Donald vs. Teddy: Dan Responds to Reader Who Thinks Trump Compares to Roosevelt

Donald Trump vs Teddy Roosevelt
Photos: Ronald Riqueros/PMC, iStock

What follows is an editorial submitted by a reader. I thought it worth running, even though I don’t agree with it. My response follows.

by Sidney Baumgarten

I am sure that if Charles Krauthammer were still among us, he would, by now, have compared Teddy Roosevelt (“TR”) and Donald Trump (“The Donald”).

Please forgive me. I am a lifelong Democrat. A few years ago, a good friend presented me with a diorama containing photos of the Rough Riders at San Juan Hill, samples of their medals, and a non-working 45-caliber revolver used by them. It came to me with an inscription that made it obvious I was an admirer of TR.

TR was, for sure, a larger-than-life character, fond of displaying a wide range of knowledge acquired as a voracious reader, Harvard graduate and accomplished classicist. His penchant for the “manly pursuits,” his endearing behavior with children, and his often-bombastic quality made him a president that you either loved or hated. According to the history books, you could not have been neutral about TR.

I have pondered that such a president ended up alongside Washington, Jefferson and Lincoln on the face of Mount Rushmore. While in office, one congressman called him “unreliable, a faker, and humbug.” The editor of a Midwestern newspaper called him “the most dangerous foe of human liberty that has ever set foot on American soil.” None other than Mark Twain called him “clearly insane…and the insanest upon war and its extreme glories.”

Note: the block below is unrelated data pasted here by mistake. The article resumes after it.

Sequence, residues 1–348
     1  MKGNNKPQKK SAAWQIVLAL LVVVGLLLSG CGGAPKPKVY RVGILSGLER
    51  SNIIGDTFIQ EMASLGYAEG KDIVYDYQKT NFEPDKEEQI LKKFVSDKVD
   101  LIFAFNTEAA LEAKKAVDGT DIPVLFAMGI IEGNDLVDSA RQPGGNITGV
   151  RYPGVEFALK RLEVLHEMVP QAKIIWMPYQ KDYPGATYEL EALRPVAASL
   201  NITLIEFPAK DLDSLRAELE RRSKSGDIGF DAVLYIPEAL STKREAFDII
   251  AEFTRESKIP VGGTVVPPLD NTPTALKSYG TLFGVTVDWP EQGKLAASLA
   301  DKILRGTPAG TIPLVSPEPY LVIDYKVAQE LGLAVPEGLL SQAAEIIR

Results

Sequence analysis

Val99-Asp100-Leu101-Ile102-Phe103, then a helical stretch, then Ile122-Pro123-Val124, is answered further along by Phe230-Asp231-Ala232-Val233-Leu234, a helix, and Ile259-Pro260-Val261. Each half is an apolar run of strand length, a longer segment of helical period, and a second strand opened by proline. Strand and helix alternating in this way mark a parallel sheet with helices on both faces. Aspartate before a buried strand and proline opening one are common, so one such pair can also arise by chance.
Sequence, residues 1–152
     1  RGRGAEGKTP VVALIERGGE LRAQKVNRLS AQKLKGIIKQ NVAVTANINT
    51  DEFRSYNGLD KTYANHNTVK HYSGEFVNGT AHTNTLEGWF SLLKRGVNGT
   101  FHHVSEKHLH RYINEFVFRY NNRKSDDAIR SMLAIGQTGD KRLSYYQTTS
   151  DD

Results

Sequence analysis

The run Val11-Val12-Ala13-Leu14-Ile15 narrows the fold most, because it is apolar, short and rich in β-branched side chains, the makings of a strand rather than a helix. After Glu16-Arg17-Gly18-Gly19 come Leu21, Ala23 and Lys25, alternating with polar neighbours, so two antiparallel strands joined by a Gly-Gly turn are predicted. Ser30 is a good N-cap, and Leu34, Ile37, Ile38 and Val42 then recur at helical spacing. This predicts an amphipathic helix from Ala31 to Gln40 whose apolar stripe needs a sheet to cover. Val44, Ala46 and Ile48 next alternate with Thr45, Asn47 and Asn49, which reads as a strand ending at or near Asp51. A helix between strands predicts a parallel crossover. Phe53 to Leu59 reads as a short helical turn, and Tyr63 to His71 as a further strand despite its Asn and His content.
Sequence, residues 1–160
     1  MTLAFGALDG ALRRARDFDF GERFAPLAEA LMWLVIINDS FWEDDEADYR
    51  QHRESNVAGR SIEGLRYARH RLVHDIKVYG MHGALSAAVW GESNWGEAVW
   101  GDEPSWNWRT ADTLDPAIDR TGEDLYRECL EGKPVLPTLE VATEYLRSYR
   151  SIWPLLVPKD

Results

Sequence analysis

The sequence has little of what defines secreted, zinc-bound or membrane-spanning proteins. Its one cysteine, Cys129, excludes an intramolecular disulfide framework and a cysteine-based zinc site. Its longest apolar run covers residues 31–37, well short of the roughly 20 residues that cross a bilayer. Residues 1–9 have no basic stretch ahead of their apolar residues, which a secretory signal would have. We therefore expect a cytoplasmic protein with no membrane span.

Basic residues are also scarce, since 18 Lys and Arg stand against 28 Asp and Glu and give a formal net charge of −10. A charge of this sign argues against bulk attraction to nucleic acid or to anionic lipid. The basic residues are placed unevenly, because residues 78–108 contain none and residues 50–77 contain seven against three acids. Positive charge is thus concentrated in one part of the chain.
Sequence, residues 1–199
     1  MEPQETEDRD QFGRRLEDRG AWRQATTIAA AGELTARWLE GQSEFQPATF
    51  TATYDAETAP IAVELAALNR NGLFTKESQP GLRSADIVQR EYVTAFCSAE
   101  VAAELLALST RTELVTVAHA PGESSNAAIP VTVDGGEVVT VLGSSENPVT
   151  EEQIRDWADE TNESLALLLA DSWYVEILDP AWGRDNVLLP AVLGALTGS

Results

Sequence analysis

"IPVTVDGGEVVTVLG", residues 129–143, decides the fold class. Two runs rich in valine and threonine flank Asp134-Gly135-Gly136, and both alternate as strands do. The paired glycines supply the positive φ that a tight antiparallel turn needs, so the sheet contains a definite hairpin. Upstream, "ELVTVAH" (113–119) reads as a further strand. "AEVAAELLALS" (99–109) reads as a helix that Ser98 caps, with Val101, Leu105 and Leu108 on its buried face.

TR was also not shy about calling others names: He referred to the critics of his Panama policy as a “small bunch of shrill eunuchs,” tagged the President of Venezuela “an unspeakable villainous little monkey,” and called a U.S. senator “a well-meaning, pin-headed, anarchistic crank.”

It is disappointing that most of the TV pundits have not studied history, political science, or even a bit of classical literature one is supposed to absorb in college, if not high school. Had they done so, or chosen to do some reading now, they would emerge with a somewhat different view of “the Donald.”

One of the most interesting stories of TR is how he was informed of McKinley’s assassination and that he was, at that moment, the new President. He was with his family at their retreat at Mount Marcy (the highest mountain in New York state), deep in the Adirondacks. The Secret Service came from Washington by train to North Creek, then the railhead, took a stagecoach to the foot of Mount Marcy and then horseback up the mountain, where a forest ranger informed TR that he was now the President. Down he came on horseback, onto the stagecoach to North Creek and to Washington to begin his duties as President.

For me, it was confirmation of his love of the rugged Adirondacks and that he was, indeed, the consummate outdoorsman.

The Donald, like TR, is indefatigable. He is a gracious host, certainly caring for his children, and possessed of a clear destiny for our country. You can guess how TR was pilloried for his “gunboat diplomacy,” his “speak softly but carry a big stick” attitude, and his frequent “show of force” to back up his foreign policy. It was, in many ways, more provocative than the Donald’s saber-rattling with Iran and North Korea.

The Donald has endured investigations, accusations, weak-kneed appointees, and downright subterfuge. He has been accused of just about every kind of misdeed one can conjure up. I don’t know how anyone can run the U.S. Government, be Commander in Chief, lead our diplomacy around the world in the face of what he has undergone. And you can rest assured that I would feel no differently if the president was a Democrat.

It is also worthy of note that when TR decided to run for Governor, an affidavit surfaced that he had prepared while he was Assistant Secretary of the Navy. He admitted that he was a legal resident of the District of Columbia, and thus disqualified him as a candidate for Governor of New York. To make matters worse, he had previously declared himself to be a resident of Manhattan to avoid some taxes at Sagamore Hill in Oyster Bay. Can you imagine what MSNBC or CNN would do with that if is was Donald Trump? Impeach! Perjury! And on and on and on.

That crisis ended when the word was spread that TR has done all of that “on advice of counsel!”